What if Giles from Buffy the Vampire the Slayer was also Dr. Jekyll and Mr. Hyde? This is very much the vibe that Universal’s first installment in their new Dark Universe movie series gives off. This could lead to a serious problem as the last thing you want in your multi-million dollar franchise is for it to come off as an overblown television show. Clearly, the hiring of Hollywood heavyweights Tom Cruise and Russell Crowe is a key component in overcoming this feeling but regardless of star power, this version of The Mummy does seem more like a pilot to a TV series than it does a stand-alone movie.
This rendition of The Mummy follows the adventures of Nick Morton (Tom Cruise) an American reconnaissance officer stationed in Iraq who, along with his partner Chris Vail (Jake Johnson), spend most of his time scouring the local terrain for treasure and not-so-much doing his actual job as part of the United States military. When a firefight with some insurgence accidentally reveals an ancient Egyptian tomb, being they are in Iraq everyone finds this rather odd, and our heroes plunge into the depths of the tomb with archeologist Jenny Halsey (Annabelle Wallis) to discover its secrets. While there they come across the resting place of the lost Egyptian princess Ahmanet (Sofia Boutella) who we later learn was so mummified and imprisoned because she murdered her father and baby brother when it looked like she was losing her spot as heir apparent.
Needless to say, things go rather badly. Poor hapless sidekick Chris is bitten by a spider and turned into some kind of zombie Renfield to Ahmanet while the military transport plane bringing Ahmanet’s sarcophagus back to England is downed by a flock of crows. Jenny is the only survivor because just before it crashed Nick was able to get her into a parachute (being saved is her sole character trait), but later Nick wakes up in the morgue wondering what the hell is going on. It’s at this point we are introduced to Dr. Jekyll (Russell Crowe) who is the head of Prodigium, a secret society dedicated to the hunting of supernatural threats and is based under the Natural History Museum of London. While Jekyll tries to fill poor “not dead” Nick on what is happening we watch as Jekyll has to inject himself with a serum to prevent his Mr. Hyde persona from making an appearance, sadly this has nothing to do with the movie we are watching and is all part of the “world-building” for the Dark Universe the studio is praying will make them loads of money, and in my opinion is a pretty big misstep.
“Believe it or not but I’m younger than Tom Cruise.”
When Marvel released Iron Man back in 2008 there was no grand plan for a cinematic connected universe so no other Marvel characters from other comics were ham-fisted in, but then with the success of that movie, and the many that followed, a shared universe was born. The key difference between Marvel and Universal here is that one seemed organic while the other seems forced and clunky. This movie has more in common with the laughably bad League of Extraordinary Gentlemen than it does Boris Karloff’s The Mummy from 1932 or even the Brendan Fraser reboot in 1999, as this film seems more a haphazard mash-up of bits and pieces rather than a movie that can stand on its own two legs.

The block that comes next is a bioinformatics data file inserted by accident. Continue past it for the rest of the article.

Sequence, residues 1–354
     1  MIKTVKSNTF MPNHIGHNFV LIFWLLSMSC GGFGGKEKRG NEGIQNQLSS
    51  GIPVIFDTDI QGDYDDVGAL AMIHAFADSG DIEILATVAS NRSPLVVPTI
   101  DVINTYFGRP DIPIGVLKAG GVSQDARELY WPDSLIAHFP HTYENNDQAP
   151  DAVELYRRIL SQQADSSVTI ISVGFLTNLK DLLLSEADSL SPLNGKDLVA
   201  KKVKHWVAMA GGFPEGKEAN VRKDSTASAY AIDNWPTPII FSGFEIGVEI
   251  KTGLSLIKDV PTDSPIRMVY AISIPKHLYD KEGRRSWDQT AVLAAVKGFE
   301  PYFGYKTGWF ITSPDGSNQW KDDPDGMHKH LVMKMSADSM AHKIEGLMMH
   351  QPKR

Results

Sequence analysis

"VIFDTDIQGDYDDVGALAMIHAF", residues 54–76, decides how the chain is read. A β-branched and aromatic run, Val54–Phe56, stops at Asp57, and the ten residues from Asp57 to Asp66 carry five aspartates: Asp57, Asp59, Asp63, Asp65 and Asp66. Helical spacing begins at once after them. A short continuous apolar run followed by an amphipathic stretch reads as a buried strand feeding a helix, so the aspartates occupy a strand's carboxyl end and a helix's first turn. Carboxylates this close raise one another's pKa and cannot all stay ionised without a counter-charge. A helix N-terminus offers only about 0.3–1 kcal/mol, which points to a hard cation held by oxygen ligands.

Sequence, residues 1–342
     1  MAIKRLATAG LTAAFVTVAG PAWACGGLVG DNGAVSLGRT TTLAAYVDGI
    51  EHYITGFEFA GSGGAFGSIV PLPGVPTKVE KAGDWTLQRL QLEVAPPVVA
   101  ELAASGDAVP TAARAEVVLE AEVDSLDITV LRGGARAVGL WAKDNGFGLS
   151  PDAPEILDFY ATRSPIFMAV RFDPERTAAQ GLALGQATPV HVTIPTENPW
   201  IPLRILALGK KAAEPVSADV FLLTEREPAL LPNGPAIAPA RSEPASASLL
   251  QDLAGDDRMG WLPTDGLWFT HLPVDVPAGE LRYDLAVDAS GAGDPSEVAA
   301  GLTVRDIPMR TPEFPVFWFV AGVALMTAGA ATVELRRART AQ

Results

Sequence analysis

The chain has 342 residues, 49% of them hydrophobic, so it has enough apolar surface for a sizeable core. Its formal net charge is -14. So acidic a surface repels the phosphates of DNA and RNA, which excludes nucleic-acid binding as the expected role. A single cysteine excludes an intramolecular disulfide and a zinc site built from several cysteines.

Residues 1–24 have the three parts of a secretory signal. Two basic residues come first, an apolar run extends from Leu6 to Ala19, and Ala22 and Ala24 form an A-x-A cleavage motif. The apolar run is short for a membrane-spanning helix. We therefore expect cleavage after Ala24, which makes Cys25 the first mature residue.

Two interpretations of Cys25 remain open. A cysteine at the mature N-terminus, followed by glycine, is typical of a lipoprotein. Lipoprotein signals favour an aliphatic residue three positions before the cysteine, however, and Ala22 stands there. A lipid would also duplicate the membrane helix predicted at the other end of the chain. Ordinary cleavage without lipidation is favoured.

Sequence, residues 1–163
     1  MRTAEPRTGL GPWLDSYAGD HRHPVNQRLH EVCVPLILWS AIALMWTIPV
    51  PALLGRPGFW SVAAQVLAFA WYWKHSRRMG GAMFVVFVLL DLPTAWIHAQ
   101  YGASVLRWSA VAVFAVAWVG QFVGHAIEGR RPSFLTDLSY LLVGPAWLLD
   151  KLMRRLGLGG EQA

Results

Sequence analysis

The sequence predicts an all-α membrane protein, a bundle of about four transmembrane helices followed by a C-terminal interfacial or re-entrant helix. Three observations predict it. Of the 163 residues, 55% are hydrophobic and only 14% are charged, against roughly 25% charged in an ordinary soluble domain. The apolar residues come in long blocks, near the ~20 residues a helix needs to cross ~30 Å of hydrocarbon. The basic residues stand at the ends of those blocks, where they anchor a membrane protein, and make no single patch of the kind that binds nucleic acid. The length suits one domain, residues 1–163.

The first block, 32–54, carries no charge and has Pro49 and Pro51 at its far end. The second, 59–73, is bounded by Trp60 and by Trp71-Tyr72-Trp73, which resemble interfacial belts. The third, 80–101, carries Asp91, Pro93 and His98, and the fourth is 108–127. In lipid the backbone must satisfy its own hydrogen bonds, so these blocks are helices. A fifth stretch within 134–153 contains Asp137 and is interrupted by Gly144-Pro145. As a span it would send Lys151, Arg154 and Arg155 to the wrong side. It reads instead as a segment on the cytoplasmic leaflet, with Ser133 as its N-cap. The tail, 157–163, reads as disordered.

The movie is its own Frankenstein monster.
Universal attempted to get their shared universe off the ground back in 2014 with Luke Evans as the title character in Dracula Untold, but then it flopped and Universal kicked it to the curb in favour of this one with mega-star Tom Cruise who I guess becomes some kind of monster fighter who will then tackle the rest of the Universal Monster line-up which so far includes; The Bride of Frankenstein, The Creature of the Black Lagoon, The Invisible Man, The Wolf Man, Frankenstein, Dracula, and The Phantom of the Opera. I’m not sure how many of these entries Mr. Cruise is going to make, he is certainly not cheap and is often busy making Mission Impossible movies, but it looks like Crowe’s character is set up to be the Nick Fury of this franchise.
Now I will say this version of The Mummy is not a complete garbage fire, Cruise is his ever-charismatic self and there are some really good nail-biting action scenes on display, and I did like the gender swap that landed Sofia Boutella as the title character, but one never got the sense of excitement or fun that I’m betting the studio was trying for. There was much to like in this movie, and if Universal had the courage to take it slow with their universe building it could have been a solid movie, but as is the film does kind of feel like an expensive pilot for a new HBO series.
• The ghost of decaying best friend Chris popping up to invisibly harass Nick seems like a blatant rip-off/homage to undead Jack from An American Werewolf in London.
• Why was there a pulley system in place to raise the sarcophagus out of her tomb when no one on Earth would want her free?
• In the workrooms of the Prodigium, we get a glimpse of a bottled arm of The Creature From the Black Lagoon and there is a vampire skull on display.
• The Book of Death from the Brendan Fraser Mummy makes a quick appearance.
• We also get the same giant sandstorm Mummy face as we did in the 90s entry.
• If it takes the knife and the jewel together to bring the god Set into the world why didn’t the Crusader knights just smash the jewel instead of hiding it?
You can check out my other reviews here: Universal Classic Monsters: A Cinematic World of Horror.
The Mummy (2017)
Director Alex Kurtzman is a prominent television director and so that this movie feels like TV show should not be all that surprising, but I’m betting some of the problem comes from Universal forcing all this Dark Universe crap on him. I was entertained enough at times but it’s a hard movie to recommend.